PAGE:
# Barry Glassner on food

Salon’s interview with Barry Glassner is really interesting. What’s nice is that he brings up the way in which the organic/healthy/no-trans-fat/etc food movement ignores the glaring issues of class (and race, reading between the lines) that are the real problem in our society. While it would be nice if we ate healthier, these healthy meals have to be affordable and efficient to those with the fewest resources (time and money) to spend on meals. I might get his book (from the library) to get more of the details.

(via Winnie’s post at get in my belly.)

# scaling laws as comedy

[Note : imagine B is from India.]

A: Oh my God!
B: What is it?
A: I just proved this great result!
B: Really???
A: Yeah, it’s an lower bound on the achievable rate!
B: So what is it?
A: Well my scheme shows it’s at least log! Log(N)!
B: Ok…
A: Isn’t that cool?
B: Seems a bit… low.
A: Well it’s not polynomial…
B: Hardly. Log(log(N))? You’ve got to be joking.
A: C’mon! Look, if you have a log, log(N) growth you can bootstrap that up to something better.
B: No you need to get rid of a log.
A: I did get rid of a log! It’s an improvement on Singh et al.
B: So it was log log log before?
A: No, log log.
A: Well it’s log log…
B: Exactly! Log log!
A: By log, do you…
B: Log log by log?
A: No, you have an extra two logs in there, it’s…
B: 1 by log? What the heck are you trying to prove!
A: It’s log! Log! Log!
B: I give up. Why don’t you come back when you’ve figured it it out. See if you can get it to log(N). [exits]

# new paper : deterministic list codes for state-constrained AVCs

It should be up on ArXiV later today…

A.D. Sarwate and M. Gastpar
Deterministic list codes for state-constrained arbitrarily varying channels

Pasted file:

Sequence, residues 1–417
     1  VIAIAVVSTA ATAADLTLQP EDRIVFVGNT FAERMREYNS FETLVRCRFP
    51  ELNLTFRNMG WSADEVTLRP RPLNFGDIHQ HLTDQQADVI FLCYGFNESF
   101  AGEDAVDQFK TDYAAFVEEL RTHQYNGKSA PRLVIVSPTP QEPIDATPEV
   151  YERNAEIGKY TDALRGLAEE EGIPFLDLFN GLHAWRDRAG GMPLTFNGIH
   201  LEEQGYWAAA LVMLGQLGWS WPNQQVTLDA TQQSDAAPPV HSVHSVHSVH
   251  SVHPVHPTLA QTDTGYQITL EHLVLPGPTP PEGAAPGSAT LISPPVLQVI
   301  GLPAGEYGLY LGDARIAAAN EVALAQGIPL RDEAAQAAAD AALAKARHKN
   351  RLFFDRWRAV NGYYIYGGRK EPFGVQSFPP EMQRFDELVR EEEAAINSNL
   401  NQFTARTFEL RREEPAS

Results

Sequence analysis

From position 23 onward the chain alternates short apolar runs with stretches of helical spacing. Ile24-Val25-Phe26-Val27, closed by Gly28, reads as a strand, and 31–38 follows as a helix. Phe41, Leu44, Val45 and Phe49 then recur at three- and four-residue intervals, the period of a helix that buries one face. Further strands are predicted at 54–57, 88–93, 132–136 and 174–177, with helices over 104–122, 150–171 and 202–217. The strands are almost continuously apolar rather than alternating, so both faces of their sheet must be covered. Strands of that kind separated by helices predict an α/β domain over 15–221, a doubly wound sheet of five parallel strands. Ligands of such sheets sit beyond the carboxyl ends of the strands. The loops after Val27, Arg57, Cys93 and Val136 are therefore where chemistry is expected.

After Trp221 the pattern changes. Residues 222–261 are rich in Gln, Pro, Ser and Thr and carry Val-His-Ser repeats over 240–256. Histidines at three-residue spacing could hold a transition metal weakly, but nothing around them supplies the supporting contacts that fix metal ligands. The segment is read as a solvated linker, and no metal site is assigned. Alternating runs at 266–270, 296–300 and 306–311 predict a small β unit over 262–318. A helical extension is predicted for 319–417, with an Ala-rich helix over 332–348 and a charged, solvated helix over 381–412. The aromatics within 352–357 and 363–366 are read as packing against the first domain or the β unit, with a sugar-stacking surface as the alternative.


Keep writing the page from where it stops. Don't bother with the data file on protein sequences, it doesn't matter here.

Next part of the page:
Submitted to IEEE Transactions on Information Theory
ArXiV cs.IT/0701146

The capacity for the discrete memoryless arbitrarily varying channel (AVC) with cost constraints on the jammer is studied using deterministic list codes under both the maximal and average probability of error criteria. For a cost function $l(\cdot)$ on the state set and constraint $\Lambda$ on the jammer, the achievable rates are upper bounded by the random coding capacity $C_r(\Lambda)$. For maximal error, the rate $R = C_r(\Lambda) – \epsilon$ is achievable using list codes with list size $O(\epsilon^{-1})$. For average error, an integer $\lsym(\Lambda)$, called the \textit{symmetrizability}, is defined. It is shown that any rate below $C_r(\Lambda)$ is achievable under average error using list codes of list size $L > \lsym$. An example is given for a class of discrete additive AVCs.

# yet another test

I can only hope that this Gaussian will appear:

\mathbb{P}(X \le x) = \int_{-\infty}^{x} \frac{1}{\sqrt{2 \pi}} \exp(- y^2/2) dy

How to do it:

1. Install the WP-Cache plugin. Note that you have to muck with file permissions and it’s somewhat non-intuitive.
2. Install the MimeTeX plugin.
3. Stress out about the fact that for some equations the terminating quote ” in the alt tag for the image has turned into a fancy quote. Come up with a hack involving placing an empty img tag right after every piece of LaTeX. Hope that you figure out a way around it.

# not again!

Since I only recently started reading ArXiV through my RSS aggregator, I was a unaware of the astonishing regularity with which “proofs” of polynomial-time algorithms for NP-complete problems are proposed. Most recent is this one, but one can find a more comprehensive list here. The latter page is a bit too unskeptical of the claims, since they say “so and so proved P=NP in this paper.” It’s not a proof if it’s wrong, and pretty much all of these proofs have been shown to be wrong. But it might be an interesting exercise one week for some reading group or topics class to formally prove some of these guys wrong. Of course, for every person claiming a proof that P=NP there is another person ready to knock them down and claim that P!=NP. Maybe it’s just a little self-correcting mechanism in the ArXiV.

# one thing that xmh got right

At MIT I used the xwindows program xmh to read my email. It was a pretty bare-bones program, but had one really great feature. Instead of having to drag a message to a folder to refile it, you could just right-click on the folder title and it would mark it as beign destined for there. Then you could commit all of the moves in one fell swoop. Neither GMail nor Thunderbird nor Mail.app seem to have this feature, which I regarded as a genius piece of interface in what was otherwise a pretty ugle program, all told. Maybe I’m the only one who got a lot of mileage out that feature, but I can’t help but think that our modern mail clients are missing something.